Signs of Autism

Due to a combination of factors (see this old post about the HOPE Relay), we have a special place in our hearts for families who have children with special needs. With family members, friends, and our church, we want to love and support those parents and children.

We have had the opportunity to communicate our heart (and proclaim God's love) in these situations, not just to those families affected, but to others as well. In particular, I enjoyed the conversation I had with my son last year, as I was able to explain autism to him, on a level he could understand.

Sometimes, engaging families who have children with special needs is easy, especially when they let you know about the situation. But what do you do when the child exhibits autistic tendencies, but you don't know if he has been diagnosed? (This situation will be touchier in the future, since a New Autism Definition Could Exclude Many.)

I have been involved in a number of situations like this, whether in our church or with the after school program. Sometimes, these children have a diagnosis (like those with ADHD and Emotional Self-Control issues). Other times, we suspected that there was something not being caught by parents, doctors, and/or the school. We want to come alongside the family, and give them the support they need.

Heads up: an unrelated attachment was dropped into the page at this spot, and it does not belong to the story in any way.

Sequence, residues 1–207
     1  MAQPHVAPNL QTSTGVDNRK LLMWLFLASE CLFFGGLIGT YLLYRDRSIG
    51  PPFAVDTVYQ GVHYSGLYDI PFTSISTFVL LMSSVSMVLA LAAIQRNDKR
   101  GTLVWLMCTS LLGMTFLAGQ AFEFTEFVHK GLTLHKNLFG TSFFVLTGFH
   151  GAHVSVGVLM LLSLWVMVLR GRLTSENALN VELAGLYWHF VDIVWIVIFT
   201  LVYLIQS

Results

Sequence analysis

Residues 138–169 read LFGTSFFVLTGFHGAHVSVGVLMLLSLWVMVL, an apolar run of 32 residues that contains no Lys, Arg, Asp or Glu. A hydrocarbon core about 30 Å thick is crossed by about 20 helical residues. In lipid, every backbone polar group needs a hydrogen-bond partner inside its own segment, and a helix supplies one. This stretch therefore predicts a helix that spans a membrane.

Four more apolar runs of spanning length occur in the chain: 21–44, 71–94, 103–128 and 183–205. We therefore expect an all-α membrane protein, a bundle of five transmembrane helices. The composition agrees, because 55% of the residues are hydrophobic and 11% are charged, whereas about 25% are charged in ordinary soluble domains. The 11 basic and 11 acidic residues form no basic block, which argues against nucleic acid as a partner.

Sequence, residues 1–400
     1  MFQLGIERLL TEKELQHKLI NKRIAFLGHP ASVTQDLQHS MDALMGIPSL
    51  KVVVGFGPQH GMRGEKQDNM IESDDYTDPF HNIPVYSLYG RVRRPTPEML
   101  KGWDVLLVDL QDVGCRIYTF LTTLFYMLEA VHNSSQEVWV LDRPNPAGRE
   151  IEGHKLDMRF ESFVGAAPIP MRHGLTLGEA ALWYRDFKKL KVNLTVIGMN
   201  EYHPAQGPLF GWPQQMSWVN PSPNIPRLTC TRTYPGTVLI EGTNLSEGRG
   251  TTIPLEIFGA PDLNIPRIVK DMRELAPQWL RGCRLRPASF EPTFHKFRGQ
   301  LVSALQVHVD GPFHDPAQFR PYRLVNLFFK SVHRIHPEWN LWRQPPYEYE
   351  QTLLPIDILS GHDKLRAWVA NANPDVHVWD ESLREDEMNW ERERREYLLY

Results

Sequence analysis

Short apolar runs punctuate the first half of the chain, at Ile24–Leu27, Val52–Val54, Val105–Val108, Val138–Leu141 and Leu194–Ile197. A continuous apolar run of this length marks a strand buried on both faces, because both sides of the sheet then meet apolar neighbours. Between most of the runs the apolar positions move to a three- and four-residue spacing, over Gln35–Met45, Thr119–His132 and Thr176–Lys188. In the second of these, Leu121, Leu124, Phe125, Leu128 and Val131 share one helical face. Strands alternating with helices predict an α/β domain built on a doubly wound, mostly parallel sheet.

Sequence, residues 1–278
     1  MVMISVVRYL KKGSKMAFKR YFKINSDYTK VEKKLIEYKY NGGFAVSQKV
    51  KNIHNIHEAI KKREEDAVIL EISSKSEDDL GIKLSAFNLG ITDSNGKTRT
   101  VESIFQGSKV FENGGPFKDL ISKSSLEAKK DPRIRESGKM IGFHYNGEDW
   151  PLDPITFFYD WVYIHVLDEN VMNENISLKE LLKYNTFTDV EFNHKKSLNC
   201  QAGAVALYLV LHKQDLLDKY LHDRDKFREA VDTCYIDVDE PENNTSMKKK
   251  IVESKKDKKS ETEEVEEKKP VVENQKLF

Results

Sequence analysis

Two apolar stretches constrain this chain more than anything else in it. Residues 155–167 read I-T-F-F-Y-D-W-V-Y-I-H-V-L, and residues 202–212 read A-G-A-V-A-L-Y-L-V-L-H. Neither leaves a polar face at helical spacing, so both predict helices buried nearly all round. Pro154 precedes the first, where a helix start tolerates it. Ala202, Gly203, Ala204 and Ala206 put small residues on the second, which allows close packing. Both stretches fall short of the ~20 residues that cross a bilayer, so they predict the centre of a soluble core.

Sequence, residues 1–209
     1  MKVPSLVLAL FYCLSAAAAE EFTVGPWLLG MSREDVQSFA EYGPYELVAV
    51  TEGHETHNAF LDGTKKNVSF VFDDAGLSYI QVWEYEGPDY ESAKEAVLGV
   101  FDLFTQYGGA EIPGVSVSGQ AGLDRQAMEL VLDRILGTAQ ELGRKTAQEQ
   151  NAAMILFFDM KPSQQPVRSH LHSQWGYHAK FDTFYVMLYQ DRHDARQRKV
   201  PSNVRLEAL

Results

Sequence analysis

Here are some principles that have helped us as we came alongside these families:
  1. Pray. Realize that these families need wisdom, peace, and strength that can only come from the Lord.
  2. Don't diagnose. The last thing a parent wants to hear (especially from a non-professional like me) is, "Does your child have autism or something?" (Yes, I know a church children's leader who said this to a parent, in a public situation.)
  3. Don't generalize. Talk in specific behavioral actions, instead of descriptions. Don't say things like, "He is very wild, and has bad behavior." Explain specific concerns.
  4. Offer support. Instead of giving your opinion of what the parent should do, ask, "What can I do to help you and your child?" Put the burden on yourself.
  5. Sympathize. While you may not be able to truly empathize, try to understand the stress that the family may be under.
I also encourage you to check out this three-part series from The Inclusive Church. In these posts, Amy Fenton Lee answers the question, "What do you do when a child shows signs of autism?"
  1. Part 1.  Common Questions.
  2. Part 2.  Approach with Caution.
  3. Part 3.  Principles for the Approach.
 image courtesy of BLW Photography via flickr

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